The use of sound to 'echo locate' underwater in the same way as bats use sound for aerial navigation seems to have been prompted by the Titanic disaster of 1912. The world's first patent for an underwater echo ranging device was filed at the British Patent Office by English meteorologist Lewis Richardson a month after the sinking of the Titanic, and a German physicist Alexander Behm obtained a patent for an echo sounder in 1913.
The Canadian engineer Reginald Fessenden, while working for the Submarine Signal Company in Boston, built an experimental system beginning in 1912, a system later tested in Boston Harbor, and finally in 1914 from the U.S. Revenue (now Coast Guard) Cutter Miami on the Grand Banks off Newfoundland Canada. In that test, Fessenden demonstrated depth sounding, underwater communications (Morse Code) and echo ranging (detecting an iceberg at two miles (3 km) range). The so-called Fessenden oscillator, at ca. 500 Hz frequency, was unable to determine the bearing of the berg due to the 3 metre wavelength and the small dimension of the transducer's radiating face (less than 1 metre in diameter). The ten Montreal-built British H class submarines launched in 1915 were equipped with a Fessenden oscillator.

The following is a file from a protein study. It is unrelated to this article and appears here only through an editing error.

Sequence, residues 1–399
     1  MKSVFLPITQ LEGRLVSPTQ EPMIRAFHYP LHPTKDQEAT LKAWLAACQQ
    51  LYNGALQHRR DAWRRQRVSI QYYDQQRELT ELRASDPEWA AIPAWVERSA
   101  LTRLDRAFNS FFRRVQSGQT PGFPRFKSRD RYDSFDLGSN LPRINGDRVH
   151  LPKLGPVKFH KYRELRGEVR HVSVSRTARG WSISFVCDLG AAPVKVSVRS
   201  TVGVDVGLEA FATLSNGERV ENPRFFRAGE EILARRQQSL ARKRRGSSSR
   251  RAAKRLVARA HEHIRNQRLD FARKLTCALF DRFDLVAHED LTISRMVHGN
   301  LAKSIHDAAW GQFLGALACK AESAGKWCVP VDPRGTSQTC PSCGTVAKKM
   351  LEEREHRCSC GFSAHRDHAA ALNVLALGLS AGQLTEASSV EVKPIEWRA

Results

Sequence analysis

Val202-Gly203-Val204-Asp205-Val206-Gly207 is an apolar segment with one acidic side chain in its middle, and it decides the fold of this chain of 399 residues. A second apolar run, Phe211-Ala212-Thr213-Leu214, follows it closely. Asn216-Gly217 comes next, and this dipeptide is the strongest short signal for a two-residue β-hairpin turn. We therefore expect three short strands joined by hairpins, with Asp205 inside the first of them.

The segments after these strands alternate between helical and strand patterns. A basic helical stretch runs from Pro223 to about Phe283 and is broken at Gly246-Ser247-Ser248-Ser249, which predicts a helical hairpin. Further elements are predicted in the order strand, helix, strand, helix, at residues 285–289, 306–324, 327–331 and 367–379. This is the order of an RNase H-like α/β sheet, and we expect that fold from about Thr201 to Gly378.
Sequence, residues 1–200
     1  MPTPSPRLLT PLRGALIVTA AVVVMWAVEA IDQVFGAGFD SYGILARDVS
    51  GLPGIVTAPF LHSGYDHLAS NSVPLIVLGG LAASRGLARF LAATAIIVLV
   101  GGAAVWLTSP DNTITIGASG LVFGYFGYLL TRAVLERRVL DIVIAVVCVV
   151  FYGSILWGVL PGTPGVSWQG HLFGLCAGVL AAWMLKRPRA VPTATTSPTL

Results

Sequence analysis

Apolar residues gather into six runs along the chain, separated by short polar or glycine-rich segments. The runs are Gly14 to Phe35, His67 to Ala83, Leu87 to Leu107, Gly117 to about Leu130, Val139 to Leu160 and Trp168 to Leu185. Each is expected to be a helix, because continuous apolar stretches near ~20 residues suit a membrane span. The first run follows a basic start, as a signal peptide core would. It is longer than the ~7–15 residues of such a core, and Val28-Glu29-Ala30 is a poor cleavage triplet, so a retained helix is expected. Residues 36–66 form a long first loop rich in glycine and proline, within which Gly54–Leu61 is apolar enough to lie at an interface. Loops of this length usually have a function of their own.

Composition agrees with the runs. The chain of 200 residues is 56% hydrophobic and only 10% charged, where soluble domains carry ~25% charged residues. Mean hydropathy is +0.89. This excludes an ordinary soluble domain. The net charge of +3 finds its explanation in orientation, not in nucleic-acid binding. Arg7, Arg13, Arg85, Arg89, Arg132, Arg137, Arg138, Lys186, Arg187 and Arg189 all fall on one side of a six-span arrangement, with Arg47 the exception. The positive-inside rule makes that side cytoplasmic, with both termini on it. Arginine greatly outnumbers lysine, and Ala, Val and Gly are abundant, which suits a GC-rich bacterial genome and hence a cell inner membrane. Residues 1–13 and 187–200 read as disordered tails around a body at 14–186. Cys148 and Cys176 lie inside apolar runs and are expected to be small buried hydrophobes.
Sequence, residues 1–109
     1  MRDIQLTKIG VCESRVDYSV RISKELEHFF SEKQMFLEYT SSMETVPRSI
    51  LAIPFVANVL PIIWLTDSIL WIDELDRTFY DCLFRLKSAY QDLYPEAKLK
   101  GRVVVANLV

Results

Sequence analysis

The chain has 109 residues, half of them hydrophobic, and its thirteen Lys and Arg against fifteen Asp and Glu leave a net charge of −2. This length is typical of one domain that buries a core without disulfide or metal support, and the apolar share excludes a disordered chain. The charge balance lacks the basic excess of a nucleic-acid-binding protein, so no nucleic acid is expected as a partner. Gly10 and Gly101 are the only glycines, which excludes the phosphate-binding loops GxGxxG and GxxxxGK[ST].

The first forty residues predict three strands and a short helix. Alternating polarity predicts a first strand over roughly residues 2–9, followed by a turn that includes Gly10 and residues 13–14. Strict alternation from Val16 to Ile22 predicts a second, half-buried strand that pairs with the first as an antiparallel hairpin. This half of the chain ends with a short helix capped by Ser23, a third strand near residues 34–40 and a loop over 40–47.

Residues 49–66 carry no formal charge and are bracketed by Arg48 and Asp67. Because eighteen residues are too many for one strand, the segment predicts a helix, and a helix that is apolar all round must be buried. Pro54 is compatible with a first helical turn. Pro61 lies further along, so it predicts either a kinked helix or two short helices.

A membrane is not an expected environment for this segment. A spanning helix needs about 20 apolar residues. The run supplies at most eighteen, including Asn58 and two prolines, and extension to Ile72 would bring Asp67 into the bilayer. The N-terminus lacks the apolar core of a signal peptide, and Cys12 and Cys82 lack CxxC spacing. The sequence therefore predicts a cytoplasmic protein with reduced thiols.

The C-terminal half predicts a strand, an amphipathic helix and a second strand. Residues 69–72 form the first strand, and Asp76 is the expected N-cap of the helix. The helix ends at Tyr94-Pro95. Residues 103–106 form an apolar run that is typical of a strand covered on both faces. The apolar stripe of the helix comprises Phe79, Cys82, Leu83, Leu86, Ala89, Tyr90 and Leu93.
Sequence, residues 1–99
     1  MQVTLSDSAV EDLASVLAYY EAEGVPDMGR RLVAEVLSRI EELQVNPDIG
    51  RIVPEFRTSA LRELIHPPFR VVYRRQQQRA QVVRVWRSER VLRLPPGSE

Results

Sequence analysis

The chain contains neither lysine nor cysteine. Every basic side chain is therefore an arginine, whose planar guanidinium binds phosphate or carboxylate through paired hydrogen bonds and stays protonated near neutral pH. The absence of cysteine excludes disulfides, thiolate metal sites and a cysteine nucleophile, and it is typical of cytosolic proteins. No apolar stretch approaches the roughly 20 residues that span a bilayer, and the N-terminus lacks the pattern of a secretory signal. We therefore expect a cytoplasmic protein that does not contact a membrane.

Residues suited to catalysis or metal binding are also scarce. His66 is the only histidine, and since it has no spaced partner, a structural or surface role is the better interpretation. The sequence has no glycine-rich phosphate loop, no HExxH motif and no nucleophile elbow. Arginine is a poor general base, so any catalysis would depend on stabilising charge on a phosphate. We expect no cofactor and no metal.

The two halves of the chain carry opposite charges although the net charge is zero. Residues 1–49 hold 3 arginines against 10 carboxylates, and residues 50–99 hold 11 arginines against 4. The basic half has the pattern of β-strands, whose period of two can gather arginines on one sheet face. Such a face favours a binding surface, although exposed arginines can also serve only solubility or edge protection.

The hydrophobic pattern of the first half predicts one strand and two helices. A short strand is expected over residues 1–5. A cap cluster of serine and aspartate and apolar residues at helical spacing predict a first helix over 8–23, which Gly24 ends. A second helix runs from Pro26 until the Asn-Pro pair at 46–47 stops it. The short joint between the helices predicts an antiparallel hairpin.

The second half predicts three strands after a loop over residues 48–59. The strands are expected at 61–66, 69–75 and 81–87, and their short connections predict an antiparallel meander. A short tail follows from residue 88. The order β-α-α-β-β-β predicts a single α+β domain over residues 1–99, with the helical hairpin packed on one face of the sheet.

During World War I the need to detect submarines prompted more research into the use of sound. The British made early use of underwater hydrophones, while the French physicist Paul Langevin, working with a Russian immigrant electrical engineer, Constantin Chilowski, worked on the development of active sound devices for detecting submarines in 1915 using quartz. Although piezoelectric and magnetostrictive transducers later superseded the electrostatic transducers they used, this work influenced future designs. Lightweight sound-sensitive plastic film and fibre optics have been used for hydrophones (acousto-electric transducers for in-water use), while Terfenol-D and PMN (lead magnesium niobate) have been developed for projectors.